Review: Grand Slam Tennis 2

March 2, 2012 • Gadgets and Gaming, Top Stories

The sequel to Electronic Arts’ Grand Slam Tennis, released only on Nintendo Wii, is finally available on Xbox and Playstation. Next-gen console players can take centre stage at the world’s four Grand Slams. Previously, tennis lovers were limited in this genre, due to the lack of titles, leaving players to choose between Sega’s Virtua Tennis or 2K’s Top Spin.

A screenshot of Rodger Federer in Grand Slam Tennis 2 (image: EA)

While the first game made use of the Wii’s control system, EA decided to introduce a different scheme for Xbox and PlayStation consoles. Apart from the standard configuration of analogue sticks for movement and buttons for different shots, EA introduced their Total Racquet Control systems.

With Total Racquet Control players have greater control over their player and his/her shots, as the analogue sticks are used to aim the ball and select different strokes. For example, a Top Spin serve is performed by pulling the stick back to the lower right, and then pushing it up in the direction of the serve. The same principle applies to all on-court shots. The other shots that make use of the triggers, are the modifiers for drop shots and lobs.

It is not perfect, but the system provides players various suitable control schemes. It tends to be easier to serve with Total Racquet Control and then to complete the match using the face buttons.

An added bonus for PlayStation 3 players, Grand Slam Tennis 2 also uses the Move peripheral — in addition to the normal controller. The Move allows players control over their shots, aiming it down the line or placing it in the centre of the court with a well-timed slice.

The graphics are superb, appealing and the level of detail is good. The faithful recreation of real-world champions missed the unique mannerisms of some, but their physical appearance is spot on. It is not fatal, but fine-tweaking would have given the game more personality. Professional players include Roger Federer, Rafael Nadal, Novak Djokovic, Björn Borg, Maria Sharapova, the Williams sisters and John McEnroe.

The same can be said for the on-court commentary, while sufficient, it lacks edge. Commentary is provided courtesy of tennis legends John McEnroe and Pat Cash, which is a nice pace of change, but it can become a bit repetitive.

The speech is insightful yet generic, but on the odd occasion they will say something irrelevant to the shot being played. Commentary has always been a bit of a tricky thing to get right in sports games, as developers can never predict what the user will do.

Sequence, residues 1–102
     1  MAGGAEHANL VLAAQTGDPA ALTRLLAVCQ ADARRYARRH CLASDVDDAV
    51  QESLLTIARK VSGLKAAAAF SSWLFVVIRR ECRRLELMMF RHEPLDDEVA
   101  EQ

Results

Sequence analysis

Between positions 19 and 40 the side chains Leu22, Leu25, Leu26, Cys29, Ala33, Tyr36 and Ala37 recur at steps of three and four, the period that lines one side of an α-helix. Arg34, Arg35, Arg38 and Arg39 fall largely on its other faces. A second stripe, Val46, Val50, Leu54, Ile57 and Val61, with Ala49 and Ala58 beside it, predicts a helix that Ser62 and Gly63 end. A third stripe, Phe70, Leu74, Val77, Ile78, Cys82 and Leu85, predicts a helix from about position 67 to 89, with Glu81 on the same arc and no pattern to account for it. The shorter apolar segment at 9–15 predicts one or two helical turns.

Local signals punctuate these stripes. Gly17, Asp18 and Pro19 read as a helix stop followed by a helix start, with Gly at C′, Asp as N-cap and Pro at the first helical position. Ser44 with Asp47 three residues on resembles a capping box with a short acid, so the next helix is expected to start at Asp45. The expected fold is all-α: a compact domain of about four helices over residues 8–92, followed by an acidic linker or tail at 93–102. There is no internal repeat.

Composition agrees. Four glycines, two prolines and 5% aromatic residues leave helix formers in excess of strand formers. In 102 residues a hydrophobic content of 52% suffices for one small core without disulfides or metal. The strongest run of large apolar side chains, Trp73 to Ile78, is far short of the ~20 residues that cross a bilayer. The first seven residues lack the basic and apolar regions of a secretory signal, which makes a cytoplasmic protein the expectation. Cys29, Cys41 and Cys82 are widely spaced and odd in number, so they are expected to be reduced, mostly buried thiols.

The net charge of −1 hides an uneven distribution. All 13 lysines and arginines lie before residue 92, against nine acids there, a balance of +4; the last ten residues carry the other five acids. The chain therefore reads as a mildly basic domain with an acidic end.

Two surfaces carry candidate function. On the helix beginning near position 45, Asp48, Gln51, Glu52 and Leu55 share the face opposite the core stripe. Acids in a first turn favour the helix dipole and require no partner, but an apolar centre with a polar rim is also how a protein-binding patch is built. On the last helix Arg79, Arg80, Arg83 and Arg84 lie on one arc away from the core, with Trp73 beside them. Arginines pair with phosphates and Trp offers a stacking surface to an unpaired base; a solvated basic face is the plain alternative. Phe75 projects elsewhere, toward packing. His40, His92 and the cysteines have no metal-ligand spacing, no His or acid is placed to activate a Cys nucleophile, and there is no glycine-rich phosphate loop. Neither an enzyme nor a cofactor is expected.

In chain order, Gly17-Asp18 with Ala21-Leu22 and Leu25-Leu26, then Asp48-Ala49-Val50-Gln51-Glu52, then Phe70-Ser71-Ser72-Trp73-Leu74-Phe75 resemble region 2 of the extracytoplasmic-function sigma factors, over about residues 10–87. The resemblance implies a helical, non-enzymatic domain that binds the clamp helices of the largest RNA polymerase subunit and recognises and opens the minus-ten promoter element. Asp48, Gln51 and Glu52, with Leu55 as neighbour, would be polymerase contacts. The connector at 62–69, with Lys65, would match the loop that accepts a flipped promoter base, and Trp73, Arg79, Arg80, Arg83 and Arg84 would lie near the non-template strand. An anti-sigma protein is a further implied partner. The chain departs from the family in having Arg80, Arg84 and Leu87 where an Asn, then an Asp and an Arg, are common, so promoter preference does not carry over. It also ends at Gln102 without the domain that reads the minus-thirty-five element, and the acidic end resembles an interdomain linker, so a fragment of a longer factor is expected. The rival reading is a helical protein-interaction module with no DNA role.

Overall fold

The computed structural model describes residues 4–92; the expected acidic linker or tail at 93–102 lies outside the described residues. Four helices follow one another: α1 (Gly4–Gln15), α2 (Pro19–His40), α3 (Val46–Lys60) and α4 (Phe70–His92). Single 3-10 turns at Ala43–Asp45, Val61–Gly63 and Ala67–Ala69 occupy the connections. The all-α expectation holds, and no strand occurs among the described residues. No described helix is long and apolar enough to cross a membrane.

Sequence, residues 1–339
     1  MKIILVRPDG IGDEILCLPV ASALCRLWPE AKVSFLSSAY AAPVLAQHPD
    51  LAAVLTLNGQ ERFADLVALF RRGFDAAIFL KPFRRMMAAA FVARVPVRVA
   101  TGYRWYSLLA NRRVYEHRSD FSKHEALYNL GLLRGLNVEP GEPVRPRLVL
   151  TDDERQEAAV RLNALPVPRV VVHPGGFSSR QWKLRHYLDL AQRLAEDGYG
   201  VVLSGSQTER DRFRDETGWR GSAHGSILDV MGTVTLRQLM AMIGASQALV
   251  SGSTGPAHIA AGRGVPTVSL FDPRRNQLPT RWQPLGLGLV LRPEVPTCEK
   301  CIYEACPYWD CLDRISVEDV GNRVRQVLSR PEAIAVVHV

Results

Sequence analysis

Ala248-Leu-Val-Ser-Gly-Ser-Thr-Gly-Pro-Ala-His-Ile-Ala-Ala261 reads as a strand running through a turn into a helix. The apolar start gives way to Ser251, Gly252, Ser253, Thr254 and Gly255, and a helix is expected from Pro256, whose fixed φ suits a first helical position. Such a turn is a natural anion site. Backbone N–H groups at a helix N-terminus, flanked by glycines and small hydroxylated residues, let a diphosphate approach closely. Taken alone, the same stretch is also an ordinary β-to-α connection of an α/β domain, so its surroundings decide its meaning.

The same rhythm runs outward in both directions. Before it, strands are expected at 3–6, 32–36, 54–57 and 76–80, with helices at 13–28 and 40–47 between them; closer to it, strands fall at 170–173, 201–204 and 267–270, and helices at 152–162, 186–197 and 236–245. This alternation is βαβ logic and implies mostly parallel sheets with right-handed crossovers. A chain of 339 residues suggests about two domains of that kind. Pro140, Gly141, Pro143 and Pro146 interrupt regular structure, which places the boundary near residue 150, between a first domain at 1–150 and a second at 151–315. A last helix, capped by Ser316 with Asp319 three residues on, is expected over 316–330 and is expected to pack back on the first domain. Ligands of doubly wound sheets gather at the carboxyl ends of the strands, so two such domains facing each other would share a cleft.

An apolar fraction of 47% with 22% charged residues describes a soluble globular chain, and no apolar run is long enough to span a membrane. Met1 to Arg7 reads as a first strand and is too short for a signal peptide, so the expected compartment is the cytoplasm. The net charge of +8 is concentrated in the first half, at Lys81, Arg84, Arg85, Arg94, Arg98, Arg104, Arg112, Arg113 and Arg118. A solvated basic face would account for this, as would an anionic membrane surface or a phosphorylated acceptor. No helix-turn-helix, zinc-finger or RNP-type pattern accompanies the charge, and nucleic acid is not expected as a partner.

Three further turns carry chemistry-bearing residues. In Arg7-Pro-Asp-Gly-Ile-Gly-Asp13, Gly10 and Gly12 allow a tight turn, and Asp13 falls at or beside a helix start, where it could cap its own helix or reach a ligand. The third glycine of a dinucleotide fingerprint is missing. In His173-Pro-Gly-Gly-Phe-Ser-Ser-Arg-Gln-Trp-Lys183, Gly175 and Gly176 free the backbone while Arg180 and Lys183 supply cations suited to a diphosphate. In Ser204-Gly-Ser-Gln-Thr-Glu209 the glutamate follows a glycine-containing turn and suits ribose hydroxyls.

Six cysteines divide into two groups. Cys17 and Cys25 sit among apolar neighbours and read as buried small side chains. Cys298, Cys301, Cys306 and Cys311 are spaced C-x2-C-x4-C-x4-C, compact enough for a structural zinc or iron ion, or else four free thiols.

In terms of replayability, the game features a Quick Match section where gamers can jump right into the action. It also sports a Career section where players can build up their reputation and compete in the four tennis Majors from around the world.

Using EA’s Game Face, players will be able to create their own tennis star, crafting all the skills and adding unique clothing — some of which need to be unlocked in Career mode. While fun, players start at a disadvantage, making things difficult starting out.

The game’s online multiplayer function allows gamers to test their skills against other players. Since it is an EA sports game, the lobby and subsequent actions have all been streamlined to look and function identical to EA’s Tiger Woods PGA Tour 12, NHL and FIFA franchise.

Grand Slam Tennis 2 is currently one of the best tennis games on the market. The latest Virtua Tennis and Top Spin 4, released a while ago, still have nothing on this iteration. The graphics are great, the likeness is spot on and the controls are very easy to learn.

Players might feel the action is repetitive after playing for a number of hours, but it is a great game to have in the collection. It does have its small niggles here and there, but players will find it easy to overlook them and have tons of fun.

Our score: 8.5/10

Charlie Fripp – Online Editor

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